Topic outline

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  • Introduction

    This chapter will extend knowledge of key concepts related to Open Contracting. It will focus specifically on how Open Contracting approaches and tools have led to sustainable and successful projects.

    The chapter, including this introduction, is structured in six modules including one quiz.

     

    Contents of this course:

    1. Introduction

    2. What is The Open Contracting Data Standard

    3. How Does Electronic Government Procurement Fit In?

    4. OC, OCDS and e-GP. What is the Difference?

    5. Building a "Golden Triangle"

    6. Two Quick Questions


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    • Data Usage is the Goal, not just Publication

      Publishing data is not an end in itself. Incomplete, poor quality and inaccessible data has the same impact as perfect, informative and machine readable data if neither are read or used. 

      The first stage of any Open Contracting initiative is therefore to work out how to ensure the data will be accessible, used and analysed and build these techniques into every aspect of implementation.

      The key indicator of success for all open contracting initiatives is therefore to what extent the data harvested is independently and professionally used. 




       

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      • What is The Open Contracting Data Standard?

        The Open Contracting Data Standard (OCDS) enables disclosure of data and documents at all stages of the contracting process by defining a common data model.

        Globally the majority of contracting data is recorded in a myriad of different formats and syntaxes. This means that monitoring of contracts and procurement is difficult. For example for a variety of reasons it is important to record the currency in which procurement transactions are conducted. How should one record it? Taking the example of Uganda, should the currency be recorded as Ugandan shilling, UGX, Shilling, or USh?

        While this is a simplistic example which may not seem very impactful, procurement systems are incredibly complex with thousands of these types of fields that need to be recorded. Imagine having that level of uncertainty on every single field. In order to understand, a computer would have to understand millions of different inputs.

        What OCDS does is standardise the way in which contracting data is recorded. The Ugandan Shilling has to be recorded as “UGX”. This simplifies the whole process, reducing the amount of different ways data can be recorded and provides principles which ensure transparency such as the data having to be in a format that can be read by machines (not PDF!). 

        OCDS enables data to be fed through machines which can then carry out analytics and produce visualisations, diagrams, red flag analysis and trends in corruption vulnerabilities, at a fraction of the time it would take for people to do it. As OCDS is part of a global movement, this data can be compared globally, enabling better learning loops.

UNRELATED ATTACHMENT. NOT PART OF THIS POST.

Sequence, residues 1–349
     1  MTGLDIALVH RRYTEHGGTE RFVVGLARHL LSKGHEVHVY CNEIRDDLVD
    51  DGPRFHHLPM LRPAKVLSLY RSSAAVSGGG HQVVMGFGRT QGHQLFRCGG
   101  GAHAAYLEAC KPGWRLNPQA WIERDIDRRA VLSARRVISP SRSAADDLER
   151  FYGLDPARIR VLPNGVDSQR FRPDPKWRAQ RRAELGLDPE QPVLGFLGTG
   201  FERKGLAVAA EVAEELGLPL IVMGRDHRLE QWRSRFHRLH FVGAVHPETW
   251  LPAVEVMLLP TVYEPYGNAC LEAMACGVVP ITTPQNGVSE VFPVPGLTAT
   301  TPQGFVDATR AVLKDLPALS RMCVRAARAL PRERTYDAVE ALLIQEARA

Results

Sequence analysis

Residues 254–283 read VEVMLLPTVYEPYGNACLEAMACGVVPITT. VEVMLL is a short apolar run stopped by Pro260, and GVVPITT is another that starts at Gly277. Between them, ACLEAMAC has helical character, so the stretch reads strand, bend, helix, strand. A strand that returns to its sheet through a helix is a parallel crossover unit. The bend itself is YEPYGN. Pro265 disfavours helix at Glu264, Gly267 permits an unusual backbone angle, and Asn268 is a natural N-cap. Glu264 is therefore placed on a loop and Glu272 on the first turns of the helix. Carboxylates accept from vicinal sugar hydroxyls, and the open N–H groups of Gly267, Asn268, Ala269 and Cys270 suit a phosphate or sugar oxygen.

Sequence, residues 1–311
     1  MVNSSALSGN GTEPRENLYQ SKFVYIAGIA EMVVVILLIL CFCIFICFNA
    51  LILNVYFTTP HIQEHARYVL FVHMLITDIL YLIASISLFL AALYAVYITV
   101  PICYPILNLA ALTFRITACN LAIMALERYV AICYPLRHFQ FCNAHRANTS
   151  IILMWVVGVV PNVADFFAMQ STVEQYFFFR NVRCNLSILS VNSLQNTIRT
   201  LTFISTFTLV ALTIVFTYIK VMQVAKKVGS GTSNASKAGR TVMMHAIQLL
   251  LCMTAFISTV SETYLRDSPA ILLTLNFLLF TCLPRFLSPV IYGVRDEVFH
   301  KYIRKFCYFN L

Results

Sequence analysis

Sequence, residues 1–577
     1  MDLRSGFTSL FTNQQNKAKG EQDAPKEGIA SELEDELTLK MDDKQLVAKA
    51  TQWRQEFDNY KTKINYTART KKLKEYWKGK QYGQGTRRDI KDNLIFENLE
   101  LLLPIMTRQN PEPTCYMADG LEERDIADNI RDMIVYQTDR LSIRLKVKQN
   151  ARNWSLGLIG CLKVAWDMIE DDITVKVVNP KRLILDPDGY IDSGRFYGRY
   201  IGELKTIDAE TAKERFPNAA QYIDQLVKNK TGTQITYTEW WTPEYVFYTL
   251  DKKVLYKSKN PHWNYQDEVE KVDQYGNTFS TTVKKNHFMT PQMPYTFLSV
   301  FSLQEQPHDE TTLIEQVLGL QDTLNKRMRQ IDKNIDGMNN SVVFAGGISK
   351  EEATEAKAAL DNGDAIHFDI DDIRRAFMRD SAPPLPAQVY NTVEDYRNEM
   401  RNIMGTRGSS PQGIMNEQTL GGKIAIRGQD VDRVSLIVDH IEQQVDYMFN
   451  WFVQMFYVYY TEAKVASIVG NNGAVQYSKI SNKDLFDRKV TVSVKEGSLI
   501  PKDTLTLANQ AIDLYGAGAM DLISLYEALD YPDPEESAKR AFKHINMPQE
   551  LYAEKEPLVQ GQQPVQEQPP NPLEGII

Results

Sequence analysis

If we see open contracting as the end goal, OCDS is currently one of the most effective tools for achieving it.


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        • How Does Electronic Government Procurement Fit In?

          Electronic Government Procurement (e-GP) is the use of information technology by governments in conducting their procurement activities with suppliers for the acquisition of works, goods, and consultancy services required by the public sector. The adoption of e-GP has the capacity to facilitate Open Contracting (OC) and Open Contracting Data Standard (OCDS).

          Electronic systems provide opportunities for openness in procurement (such as real-time features, and the notification to all suppliers with answers to inquiries). Let’s look at some of the benefits of integrating open contracting into e-GP in more detail:

          Less strain on IT infrastructure

          Using OCDS data can significantly reduce the burden on IT infrastructure and make it easier to transact using e-GP in countries with limited internet connectivity. There is a compelling argument for far fewer megabytes of dumb bid documents, but far more kilobytes of useable OCDS intelligent bid and contract data instead.

          A helping hand in decentralized systems

          e-GP offers a practical solution for collecting machine-readable, OCDS-compliant procurement data at a granular level from buyers and sellers transacting throughout the procurement cycle. e-GP is an essential tool for the operation of decentralised public procurement systems, (which are becoming the norm), as it can collect data from hundreds of procuring entities throughout the country concerned. 1



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          • OC, OCDS and e-GP. What is the Difference?

            A Tool for Carrying out Public ProcurementA Structured Way Of Storing Data Which Allows For Easier Analysis And Machine ReadabilityA Concept Which Promotes Transparency In Public Procurement

            Electronic Government Procurement


            Open Contracting Data Standard


            Open Contracting




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            • Building a "Golden Triangle"

              The key to sustained access and usage of data is committed participation from the “golden triangle” of stakeholders – government, business and civil society.  Click on the image hotspots to learn more about each role that the three groups take on in open contracting



              A balanced golden triangle, between government, civil society and business, fosters mutual trust and participation, which improves procurement outcome


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